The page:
Very interesting and informative, and I think the authors' research and objectivity are remarkable. I enjoyed seeing in detail some of the things I lived through but was unaware of - both in politics and in the spirituality of Americans throughout Billy Graham's ministry. This book is honest and not overly critical of either politicians or others, but neither are they whitewashed. I'm sure much information had to be omitted to keep this on point. Quite an impressive work.
Nov 21, 2008 rated it really liked it  ·  review of another edition
Shelves: spiritual, political
I finally finished reading this book. It was interesting but not what I was expecting. I wanted more of Billy Graham's actual thoughts but the writing was based mostly on research the authors had done rather than being based on interviews with Graham and the presidents who are still living. Overall, it was a good book and I learned much about how involved Billy Graham actually became in the political side rather than just the spiritual side of the presidents' lives.
Jul 29, 2011 rated it it was amazing  ·  review of another edition
Very interesting and very fair book about Billy Graham's relationships with US presidents. Though the authors are from the secular media rather than the Christian media, they did a very even-handed job, exploring both the spiritual and political aspects of Graham's relationships with the most powerful men in the world. They also did a good job tying in the story with the context of historical events happening in the US and the world over the past 50 years.
Margot Friedman
Jan 27, 2008 rated it really liked it  ·  review of another edition
The Preacher and the Presidents is a wonderful way to review 20th century history through the particular lense of Rev. Billy Graham's relationship with each president. It also provides an instructive outline of how the religious right gained power in America in the latter half of the 20th century. It is beautifully written and very clear.
Jul 01, 2013 rated it really liked it  ·  review of another edition
Material on presidents was excellent as it was in their book "The Presidents Club," but the authors mistakenly judged Graham by the words of columnists and other politicians instead of the general populace which has always revered him. Also, the book CD reader attempted Graham's accent, which was a horrible mistake and sounded awful.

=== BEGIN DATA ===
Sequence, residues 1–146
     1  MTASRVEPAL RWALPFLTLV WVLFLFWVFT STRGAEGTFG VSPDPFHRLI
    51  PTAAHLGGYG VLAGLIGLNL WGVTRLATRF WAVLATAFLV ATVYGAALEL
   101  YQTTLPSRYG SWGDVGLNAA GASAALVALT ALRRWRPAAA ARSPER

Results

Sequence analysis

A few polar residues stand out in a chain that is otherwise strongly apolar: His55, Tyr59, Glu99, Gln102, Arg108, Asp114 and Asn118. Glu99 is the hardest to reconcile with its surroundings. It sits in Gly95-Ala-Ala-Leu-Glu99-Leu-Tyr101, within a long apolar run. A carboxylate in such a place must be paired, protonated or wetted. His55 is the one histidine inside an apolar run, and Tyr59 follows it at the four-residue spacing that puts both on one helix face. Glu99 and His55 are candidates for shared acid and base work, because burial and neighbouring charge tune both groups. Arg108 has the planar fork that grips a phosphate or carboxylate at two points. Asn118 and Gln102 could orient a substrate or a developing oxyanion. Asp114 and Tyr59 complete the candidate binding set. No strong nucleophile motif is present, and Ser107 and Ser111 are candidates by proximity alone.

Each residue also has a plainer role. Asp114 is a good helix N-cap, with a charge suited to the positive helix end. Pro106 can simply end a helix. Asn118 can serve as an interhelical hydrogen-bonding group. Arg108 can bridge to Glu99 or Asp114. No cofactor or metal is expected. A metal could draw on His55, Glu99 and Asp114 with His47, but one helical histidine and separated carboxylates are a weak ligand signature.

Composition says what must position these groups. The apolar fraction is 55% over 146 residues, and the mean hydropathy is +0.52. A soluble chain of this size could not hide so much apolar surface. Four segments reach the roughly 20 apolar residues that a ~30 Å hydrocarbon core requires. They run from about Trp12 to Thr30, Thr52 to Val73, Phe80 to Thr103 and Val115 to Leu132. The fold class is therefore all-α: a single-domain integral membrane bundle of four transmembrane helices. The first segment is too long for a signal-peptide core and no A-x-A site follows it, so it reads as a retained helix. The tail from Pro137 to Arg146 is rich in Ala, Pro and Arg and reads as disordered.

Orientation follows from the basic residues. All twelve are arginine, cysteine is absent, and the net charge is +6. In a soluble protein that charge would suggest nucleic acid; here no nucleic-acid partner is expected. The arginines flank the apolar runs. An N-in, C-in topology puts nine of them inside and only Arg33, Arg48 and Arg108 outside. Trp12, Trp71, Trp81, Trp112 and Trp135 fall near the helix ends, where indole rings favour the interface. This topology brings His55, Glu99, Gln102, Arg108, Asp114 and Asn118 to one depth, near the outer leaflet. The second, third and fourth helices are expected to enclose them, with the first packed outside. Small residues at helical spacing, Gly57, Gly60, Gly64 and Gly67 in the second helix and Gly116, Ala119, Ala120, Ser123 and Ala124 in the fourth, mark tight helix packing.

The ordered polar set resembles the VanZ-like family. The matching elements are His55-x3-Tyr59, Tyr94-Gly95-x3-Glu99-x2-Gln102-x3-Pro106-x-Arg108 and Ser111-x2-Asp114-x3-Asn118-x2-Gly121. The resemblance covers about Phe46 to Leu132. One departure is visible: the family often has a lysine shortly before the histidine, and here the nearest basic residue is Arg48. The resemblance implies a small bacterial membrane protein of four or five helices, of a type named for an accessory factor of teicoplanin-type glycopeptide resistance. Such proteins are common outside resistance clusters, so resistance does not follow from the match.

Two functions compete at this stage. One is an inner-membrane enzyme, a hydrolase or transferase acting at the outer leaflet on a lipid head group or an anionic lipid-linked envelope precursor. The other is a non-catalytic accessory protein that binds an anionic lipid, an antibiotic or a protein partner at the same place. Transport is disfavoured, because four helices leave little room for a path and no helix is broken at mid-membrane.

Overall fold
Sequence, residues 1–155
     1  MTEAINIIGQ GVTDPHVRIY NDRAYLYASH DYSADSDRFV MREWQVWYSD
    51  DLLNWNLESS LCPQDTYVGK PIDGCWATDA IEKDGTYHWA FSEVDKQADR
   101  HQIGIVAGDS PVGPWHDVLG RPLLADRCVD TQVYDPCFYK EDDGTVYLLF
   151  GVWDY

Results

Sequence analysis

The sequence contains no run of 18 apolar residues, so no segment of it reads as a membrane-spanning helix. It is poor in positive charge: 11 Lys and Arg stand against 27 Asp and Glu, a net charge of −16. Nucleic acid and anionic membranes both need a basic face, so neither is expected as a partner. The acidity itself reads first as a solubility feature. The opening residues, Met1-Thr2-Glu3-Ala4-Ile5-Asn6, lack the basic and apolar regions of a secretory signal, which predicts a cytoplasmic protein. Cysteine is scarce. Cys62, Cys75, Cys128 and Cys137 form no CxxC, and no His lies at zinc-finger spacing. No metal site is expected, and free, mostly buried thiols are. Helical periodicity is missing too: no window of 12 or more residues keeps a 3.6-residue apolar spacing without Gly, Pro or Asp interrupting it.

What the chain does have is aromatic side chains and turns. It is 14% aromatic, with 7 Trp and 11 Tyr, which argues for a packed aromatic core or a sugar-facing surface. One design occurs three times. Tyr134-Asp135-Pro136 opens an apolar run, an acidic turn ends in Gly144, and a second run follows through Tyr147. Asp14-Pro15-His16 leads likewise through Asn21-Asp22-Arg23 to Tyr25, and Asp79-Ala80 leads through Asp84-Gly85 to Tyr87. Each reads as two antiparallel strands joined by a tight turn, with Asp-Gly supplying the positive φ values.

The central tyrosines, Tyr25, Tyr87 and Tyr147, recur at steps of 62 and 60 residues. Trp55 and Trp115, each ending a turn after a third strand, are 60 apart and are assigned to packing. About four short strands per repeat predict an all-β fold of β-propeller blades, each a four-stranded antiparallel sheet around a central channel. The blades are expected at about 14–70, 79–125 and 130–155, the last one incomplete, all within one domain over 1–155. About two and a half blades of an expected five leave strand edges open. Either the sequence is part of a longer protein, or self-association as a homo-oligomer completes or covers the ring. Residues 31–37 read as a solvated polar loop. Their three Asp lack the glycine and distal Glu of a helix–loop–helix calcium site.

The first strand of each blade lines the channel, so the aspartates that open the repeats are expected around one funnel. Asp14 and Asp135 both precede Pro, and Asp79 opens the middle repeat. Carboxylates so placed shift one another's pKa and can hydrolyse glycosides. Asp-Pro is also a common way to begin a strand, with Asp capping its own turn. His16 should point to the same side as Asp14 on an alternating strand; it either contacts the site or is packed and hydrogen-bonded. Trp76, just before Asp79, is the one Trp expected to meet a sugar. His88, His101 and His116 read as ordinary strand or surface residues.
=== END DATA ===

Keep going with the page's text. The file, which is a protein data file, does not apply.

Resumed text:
Dec 22, 2007 rated it really liked it  ·  review of another edition
Such a fascinating angle to learn about as influential a person as Billy Graham. To discover the depth of his relationships with various presidents (since Truman which really dates him) is to discover the ebb and flow of his identity as a Christian first, behind-the-scenes politician second. Worth reading even if just to learn more American history.
Nicole Marble
How close was Billy Graham to the presidents? Billy's first encounter was with Harry Truman who thought Billy was a phoney. Then Ike found him useful. Then Nixon, who used Billy repeatedly. And Billy was astonished, he says, when he learned Nixon was a bigot and racist.
This book is a fascinating look at one of the most influential Americans of the 20th century.
Jan 11, 2008 rated it it was amazing  ·  review of another edition
Shelves: religion, non_fiction
This book presented an amazing overview through history, highlighting Billy Graham's importance in politics and religion, while offering religious details on presidents Truman through Bush. It was well written and researched, and gave the reader the good and the bad of Graham, and how he grew as a person and a preacher.
Aug 07, 2008 rated it liked it  ·  review of another edition
A fascinating study of the relationships between Billy Graham and all of the American presidents from Truman to George W. Who would have guessed that the only two who didn't have close relationships with him were Truman and Carter? I was particularly fascinated by the stories from the Eisenhow administration when Graham was hitting his stride and the relationship of the Bush family with Graham.
Feb 07, 2008 rated it really liked it  ·  review of another edition
A fascinating frame for a biography of Billy Graham. Well-written and definitely worth a read for anyone interested in Graham's life and work, or in how faith has affected the recent Presidents of the United States.
Nov 14, 2011 rated it really liked it  ·  review of another edition
Shelves: 2011
The authors do a fine job of presenting the unique relationship Billy Graham has had with the presidents from Truman to W, focusing on how Graham has matured from his cock-a-doodle-doing over his contact with Truman to his deep, adult relationships with Reagan, Clinton, and HW.
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Nancy Gibbs is the author of nearly 100 TIME cover stories, including four "Person of the Year" essays and dozens of stories on the 1998 impeachment fight and the 1996 and 2000 presidential campaigns. She wrote TIME's September 11th memorial issue as well as weekly essays on the unfolding story and its impact on the nation. Ms. Gibbs's article "If You Want to Humble an Empire..." won the Luce Awar ...more
More about Nancy Gibbs...
“The challenge was that it was harder to be subtle than strident.” 1 likes
“Some Christians worried about a faith that was so embracing as to be meaningless, that exalted not the Almighty so much as the American way of life. When civil religion bleached the challenge from faith and left behind a watery patriotism, there was room for concern.” 0 likes